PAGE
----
A growing base of evidence suggests antibiotic use results in microbial disturbances in the gut. These disturbances in the microbiome may contribute to weight gain. In comparisons between individuals, it has been shown that those with obesity have a lower diversity of microbes in their gut. This research is supported by studies in animal models. In infancy, a baby’s microbiome is rapidly developing. It is thus suggested by some researchers that any antibiotic exposure in infancy may impede the establishment of the healthy gut microbiome and have lifelong metabolic consequences.
In a systematic review and meta-analysis, Miller and colleagues showed that the antibiotic use in infancy is indeed related to overweight and obesity in childhood. There were notable differences however by gender with boys appearing to be more affected by antibiotic use than girls.
The authors looked at multiple drugs finding that macrolides were most strongly related to increased obesity risk while narrow-spectrum drugs were not significantly associated. These researchers suggest in the fight against childhood obesity we need to examine antibiotic prescriptions and use across populations.Read More
Obesity in older adults results in premature declines in physical and mental health and cognitive functioning. Evidence shows that the incidence of obesity and chronic diseases are higher in rural areas than in urban areas. Furthermore, more older adults are concentrated in these rural areas. There is limited understanding of the behavioural factors driving increases in obesity in older adults in rural communities. Specifically, if differences in dietary behaviour between rural and urban settings contribute to elevated obesity rates. A study recently published in in PLOS One set out to firstly assess rural-urban differences in obesity rates in older adults, and secondly the relationship with dietary patterns.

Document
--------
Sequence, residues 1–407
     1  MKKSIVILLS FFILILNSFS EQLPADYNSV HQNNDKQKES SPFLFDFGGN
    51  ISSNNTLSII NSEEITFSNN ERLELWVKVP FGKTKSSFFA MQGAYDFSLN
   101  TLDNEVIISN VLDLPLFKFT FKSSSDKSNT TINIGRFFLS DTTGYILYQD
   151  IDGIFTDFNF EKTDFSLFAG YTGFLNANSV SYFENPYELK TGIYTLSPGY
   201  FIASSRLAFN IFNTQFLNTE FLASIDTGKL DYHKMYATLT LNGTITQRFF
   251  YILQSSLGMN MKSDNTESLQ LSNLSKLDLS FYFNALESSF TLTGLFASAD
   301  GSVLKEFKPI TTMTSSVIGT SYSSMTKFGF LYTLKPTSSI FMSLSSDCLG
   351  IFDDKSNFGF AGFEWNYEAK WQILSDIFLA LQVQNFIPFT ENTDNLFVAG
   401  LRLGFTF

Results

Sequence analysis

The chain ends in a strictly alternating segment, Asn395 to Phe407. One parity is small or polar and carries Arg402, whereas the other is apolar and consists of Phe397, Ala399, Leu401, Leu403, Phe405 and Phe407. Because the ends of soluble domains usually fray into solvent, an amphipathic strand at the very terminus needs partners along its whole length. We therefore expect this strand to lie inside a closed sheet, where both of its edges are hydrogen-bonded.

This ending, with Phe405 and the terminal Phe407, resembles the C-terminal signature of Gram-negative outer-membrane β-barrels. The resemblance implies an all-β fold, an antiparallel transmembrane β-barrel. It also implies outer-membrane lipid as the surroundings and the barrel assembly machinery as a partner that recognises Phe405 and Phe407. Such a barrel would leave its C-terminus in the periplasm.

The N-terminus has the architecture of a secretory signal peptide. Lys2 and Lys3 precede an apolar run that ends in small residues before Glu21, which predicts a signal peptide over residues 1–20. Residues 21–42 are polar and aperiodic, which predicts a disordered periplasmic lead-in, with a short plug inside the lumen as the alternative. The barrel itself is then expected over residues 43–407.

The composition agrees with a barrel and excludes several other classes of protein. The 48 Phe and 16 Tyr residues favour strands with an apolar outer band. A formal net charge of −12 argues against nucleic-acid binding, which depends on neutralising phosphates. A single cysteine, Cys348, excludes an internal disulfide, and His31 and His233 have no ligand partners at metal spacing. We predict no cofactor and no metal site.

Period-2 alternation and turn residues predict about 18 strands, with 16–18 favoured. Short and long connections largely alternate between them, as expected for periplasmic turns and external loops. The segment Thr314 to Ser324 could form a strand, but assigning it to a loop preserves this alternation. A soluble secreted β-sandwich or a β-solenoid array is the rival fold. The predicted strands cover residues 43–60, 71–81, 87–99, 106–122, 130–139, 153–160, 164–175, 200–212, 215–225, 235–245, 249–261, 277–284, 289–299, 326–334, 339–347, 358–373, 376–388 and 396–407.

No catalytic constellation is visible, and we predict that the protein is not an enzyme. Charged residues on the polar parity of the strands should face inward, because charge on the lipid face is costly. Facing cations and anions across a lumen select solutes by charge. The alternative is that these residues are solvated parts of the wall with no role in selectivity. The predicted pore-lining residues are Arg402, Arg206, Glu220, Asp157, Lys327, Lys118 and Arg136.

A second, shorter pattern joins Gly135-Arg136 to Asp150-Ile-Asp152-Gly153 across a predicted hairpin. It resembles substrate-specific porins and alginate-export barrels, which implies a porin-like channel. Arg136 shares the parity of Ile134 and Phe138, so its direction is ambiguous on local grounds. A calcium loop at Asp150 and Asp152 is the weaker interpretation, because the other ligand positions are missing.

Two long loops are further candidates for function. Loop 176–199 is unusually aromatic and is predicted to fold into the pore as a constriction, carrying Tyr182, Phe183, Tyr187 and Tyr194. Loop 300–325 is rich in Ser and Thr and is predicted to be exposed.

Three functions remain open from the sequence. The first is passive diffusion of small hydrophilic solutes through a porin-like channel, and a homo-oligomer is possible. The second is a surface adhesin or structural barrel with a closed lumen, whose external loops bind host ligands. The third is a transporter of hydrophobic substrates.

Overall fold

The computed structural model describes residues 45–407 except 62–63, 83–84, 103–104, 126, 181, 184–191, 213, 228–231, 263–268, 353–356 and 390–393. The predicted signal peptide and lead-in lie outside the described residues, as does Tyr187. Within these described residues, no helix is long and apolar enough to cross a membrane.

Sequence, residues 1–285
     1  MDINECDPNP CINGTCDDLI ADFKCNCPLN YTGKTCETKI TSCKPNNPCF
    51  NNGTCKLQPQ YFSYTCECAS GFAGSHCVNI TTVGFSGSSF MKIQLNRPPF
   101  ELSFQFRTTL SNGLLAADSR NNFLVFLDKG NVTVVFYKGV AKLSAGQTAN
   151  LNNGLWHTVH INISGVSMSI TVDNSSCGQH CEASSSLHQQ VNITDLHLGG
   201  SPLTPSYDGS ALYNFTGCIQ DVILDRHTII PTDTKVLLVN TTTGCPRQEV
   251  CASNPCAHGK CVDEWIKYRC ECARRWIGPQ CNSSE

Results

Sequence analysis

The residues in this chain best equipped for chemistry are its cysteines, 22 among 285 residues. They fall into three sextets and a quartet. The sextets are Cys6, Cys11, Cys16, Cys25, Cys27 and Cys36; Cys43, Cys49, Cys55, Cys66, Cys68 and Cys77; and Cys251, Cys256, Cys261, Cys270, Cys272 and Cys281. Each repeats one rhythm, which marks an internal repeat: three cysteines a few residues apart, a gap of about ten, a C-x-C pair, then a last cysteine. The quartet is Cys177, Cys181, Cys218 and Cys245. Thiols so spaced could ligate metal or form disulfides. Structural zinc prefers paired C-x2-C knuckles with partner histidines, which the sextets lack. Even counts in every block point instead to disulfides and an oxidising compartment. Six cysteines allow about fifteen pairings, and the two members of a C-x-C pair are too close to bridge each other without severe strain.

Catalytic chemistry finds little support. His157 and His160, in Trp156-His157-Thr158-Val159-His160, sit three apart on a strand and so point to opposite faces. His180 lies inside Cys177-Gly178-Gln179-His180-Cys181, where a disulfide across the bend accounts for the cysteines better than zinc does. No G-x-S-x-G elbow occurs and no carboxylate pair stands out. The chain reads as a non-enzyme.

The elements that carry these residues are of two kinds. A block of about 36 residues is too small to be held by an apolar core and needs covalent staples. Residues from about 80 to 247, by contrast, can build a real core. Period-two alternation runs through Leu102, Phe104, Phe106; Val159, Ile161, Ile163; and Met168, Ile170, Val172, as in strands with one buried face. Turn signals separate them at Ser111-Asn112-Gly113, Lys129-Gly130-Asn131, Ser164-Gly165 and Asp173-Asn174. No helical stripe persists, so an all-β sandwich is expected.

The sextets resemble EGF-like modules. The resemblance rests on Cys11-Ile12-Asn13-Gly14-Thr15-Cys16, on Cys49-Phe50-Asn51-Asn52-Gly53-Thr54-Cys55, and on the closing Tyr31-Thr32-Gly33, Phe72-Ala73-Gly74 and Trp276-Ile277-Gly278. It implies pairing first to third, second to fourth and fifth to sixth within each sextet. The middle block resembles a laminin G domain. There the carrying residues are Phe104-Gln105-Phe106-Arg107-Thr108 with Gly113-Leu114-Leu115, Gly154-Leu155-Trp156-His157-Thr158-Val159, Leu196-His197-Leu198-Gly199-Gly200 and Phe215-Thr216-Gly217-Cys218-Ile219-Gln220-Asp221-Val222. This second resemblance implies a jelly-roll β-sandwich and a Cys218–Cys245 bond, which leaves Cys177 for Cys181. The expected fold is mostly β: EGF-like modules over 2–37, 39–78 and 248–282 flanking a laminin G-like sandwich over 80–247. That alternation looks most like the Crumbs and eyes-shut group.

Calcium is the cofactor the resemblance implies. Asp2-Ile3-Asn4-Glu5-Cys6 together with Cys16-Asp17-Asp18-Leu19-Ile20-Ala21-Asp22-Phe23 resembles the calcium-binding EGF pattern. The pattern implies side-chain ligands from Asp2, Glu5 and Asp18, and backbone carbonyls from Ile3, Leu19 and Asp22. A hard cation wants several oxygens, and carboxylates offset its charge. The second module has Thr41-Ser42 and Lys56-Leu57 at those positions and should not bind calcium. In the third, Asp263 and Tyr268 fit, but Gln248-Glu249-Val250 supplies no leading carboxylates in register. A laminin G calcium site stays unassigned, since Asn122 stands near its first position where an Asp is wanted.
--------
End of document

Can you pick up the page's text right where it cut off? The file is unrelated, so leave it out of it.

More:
Researchers used census data in a sample of respondents aged 65 years of age and above from the USA. Regression models were utilized to investigate if rural-urban disparities in obesity, and associations with risk factors of fruit consumption, green vegetable consumption and physical activity. The results revealed, consistent with earlier evidence, that obesity rates were highest in rural areas. In these rural areas, fruit consumption was the lowest. A negative association between obesity and fruit and green vegetable consumption was observed in urban but not rural settings. These findings illustrate the importance of considering urban-rural status when developing obesity prevention programs and strategies. Interventions need to address the unique barriers experienced between the two settings.Read More